My mom works in the accounting department and has been there for over 10 years. While the company wasn’t doing well she accepted all the cuts while taking on the work load of the people who were let go. Since then, other employees have been given raises, and now make nearly double what she does. She was even promised a pay increase for obtaining her BA in Accounting but it was never delivered.

She has brought these issues up but nothing has been done for her. She’s a dedicated worker, going out of her way to take on more work and more education for nothing more than the occasional cost-of-living increase.

Does this happen often? Is it common to see managers in non-profits overcompensate themselves even though it was their poor decisions that almost caused the organization to go under? Does it seem wrong that the employees who fought to keep it afloat have not been given the same percentage increase?

Have you come across any literature or articles on the subject?   I feel terrible for my mom because I know her work ethic and her commitment to the good the organization does for the community.  She deserves to be paid more than an entry-level accountant and her employer should have recognized that long ago.

Signed, Daughter in High Dudgeon

Dear Daughter:

You’ve asked two separate questions, really: first, is this ethical behavior?  Second, is it common behavior?  The first question is easier than the second.

Of course it’s not ethical for leaders to provide themselves with raises before restoring their subordinates to their pre-emergency level of compensation.  Employees who are considered essential enough to be retained during times of crisis, albeit at reduced pay and benefits, must be considered essential enough to be rewarded once the crisis is through.

However, many managers (and the Boards of Directors to whom they report) assume that employees are working there for the love of the agency and/or that any monkey could do the job those employees are being underpaid to do.  This is the proverbial Catch-22: we pay you so little, you and your work must be worthless; since you’re worthless, why should we pay you any more?

The only way to respond to this is to document how people who do the same job are paid elsewhere.  Your mother should use her financial skills to find out what BA accountants with similar responsibilities are paid at similar-sized agencies in your city or county.  Then she should take this documentation to the Executive Director with a specific demand for an increase in pay and benefits to at least parity with her professional peers.  It’s always harder for an ED to refuse a raise based on outside comparables, whereas if your mother tries to compare herself with people in her own agency the ED can always checkmate her with, “Well, but Ellen works three extra nights a week,” or, “But Josephine has been here since 15 minutes before you arrived.”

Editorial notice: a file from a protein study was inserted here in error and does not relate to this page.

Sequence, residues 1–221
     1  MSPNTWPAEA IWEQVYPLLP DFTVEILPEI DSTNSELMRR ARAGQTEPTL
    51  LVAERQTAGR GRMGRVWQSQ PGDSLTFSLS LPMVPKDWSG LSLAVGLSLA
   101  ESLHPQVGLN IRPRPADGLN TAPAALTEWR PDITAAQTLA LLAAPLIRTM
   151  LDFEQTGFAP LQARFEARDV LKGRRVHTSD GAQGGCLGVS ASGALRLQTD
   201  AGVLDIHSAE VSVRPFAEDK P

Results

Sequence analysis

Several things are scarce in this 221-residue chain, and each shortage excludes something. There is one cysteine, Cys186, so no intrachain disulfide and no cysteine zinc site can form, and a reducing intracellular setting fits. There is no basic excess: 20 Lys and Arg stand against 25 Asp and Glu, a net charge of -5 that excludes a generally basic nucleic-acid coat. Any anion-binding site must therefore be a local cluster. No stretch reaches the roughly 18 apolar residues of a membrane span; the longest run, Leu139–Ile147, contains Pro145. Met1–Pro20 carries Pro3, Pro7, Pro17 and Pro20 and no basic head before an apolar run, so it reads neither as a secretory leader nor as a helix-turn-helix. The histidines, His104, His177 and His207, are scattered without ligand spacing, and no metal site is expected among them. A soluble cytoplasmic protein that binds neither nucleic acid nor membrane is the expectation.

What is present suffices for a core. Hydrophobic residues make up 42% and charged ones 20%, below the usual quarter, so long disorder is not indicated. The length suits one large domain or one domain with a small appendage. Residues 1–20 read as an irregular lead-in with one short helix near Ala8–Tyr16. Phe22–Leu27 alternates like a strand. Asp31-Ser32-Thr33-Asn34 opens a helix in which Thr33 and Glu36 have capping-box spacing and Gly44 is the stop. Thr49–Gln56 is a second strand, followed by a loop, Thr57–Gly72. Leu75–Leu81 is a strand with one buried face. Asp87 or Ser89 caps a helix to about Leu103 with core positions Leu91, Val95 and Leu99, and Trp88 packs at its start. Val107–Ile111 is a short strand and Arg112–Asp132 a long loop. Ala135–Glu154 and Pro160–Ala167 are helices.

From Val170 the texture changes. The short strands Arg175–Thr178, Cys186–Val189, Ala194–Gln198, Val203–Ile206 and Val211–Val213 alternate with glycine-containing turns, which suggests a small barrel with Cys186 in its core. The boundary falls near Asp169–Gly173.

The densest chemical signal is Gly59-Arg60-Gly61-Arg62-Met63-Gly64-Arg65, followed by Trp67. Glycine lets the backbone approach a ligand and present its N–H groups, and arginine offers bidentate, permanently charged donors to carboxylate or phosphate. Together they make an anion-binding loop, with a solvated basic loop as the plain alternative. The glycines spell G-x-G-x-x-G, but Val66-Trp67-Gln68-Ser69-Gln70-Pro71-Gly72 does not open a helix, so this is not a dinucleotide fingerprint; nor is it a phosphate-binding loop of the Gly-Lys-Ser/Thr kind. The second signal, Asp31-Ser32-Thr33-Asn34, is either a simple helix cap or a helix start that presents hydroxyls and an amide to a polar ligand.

The other advantage of seeking outside comparables is that it will give your mother a sense of the job market.  It’s hard to think of moving elsewhere after years of loyal service, especially while feeling committed to the agency’s mission and clients.  But that’s no reason to be treated like a slave.  (And salaries from other agencies may include ones paid to men.   No one ever believes that women are paid less than men for the same work until they encounter the cold hard facts for themselves.)

Notice that the major fault is the agency’s unwillingness to restore your mother’s salary now that there’s money available again.  The fact that managers documented the market for their services, and then rewarded themselves based on that documentation, is more an apparent conflict of interest than an actual one.  If everyone does his/her job it doesn’t really signify who did the research about comparable compensation: only the Board of Directors can give the Executive Director a raise, and the Board is designed to be independent of the ED.

But perhaps the Board isn’t actually independent, which leads to the question about whether your mother’s situation is a common one. It’s very common in nonprofit organizations for the Board of Directors to be utterly in the Executive Director’s thrall and prepared to do as s/he says without any independent evaluation whatsoever. This is partly because many nonprofits are still run by their founders, to whom every Board member is personally loyal, and partly because Executive Directors manage their agencies full time while Board members govern them only part time.

So if the Executive Director of a small nonprofit wants to skim off a raise for him/herself while withholding money from his/her subordinates, it’s easier for him/her to do so than it would be in a larger nonprofit with a professional human resources department, or in a regular business.  (The Nonprofiteer herself once succeeded an ED who had helped herself to a raise: knowing that the Board Treasurer signed checks without paying attention to the amount, s/he simply took advantage of that fact.)

But however easy, or common because easy, such practices may be, they are unethical.  If your mother can’t get the raise she deserves by offering honest comparables to her boss, she should find a new job and, on the way out the door, send a letter to the Board president and treasurer (or the whole Board) denouncing the ED’s shoddy financial practices.  It won’t get Mom the raise she hungers for but she will get to enjoy the dish best served cold: revenge.

Dear Nonprofiteer, If I want higher wages will you tell me what to do?*

April 17, 2012

Dear Nonprofiteer: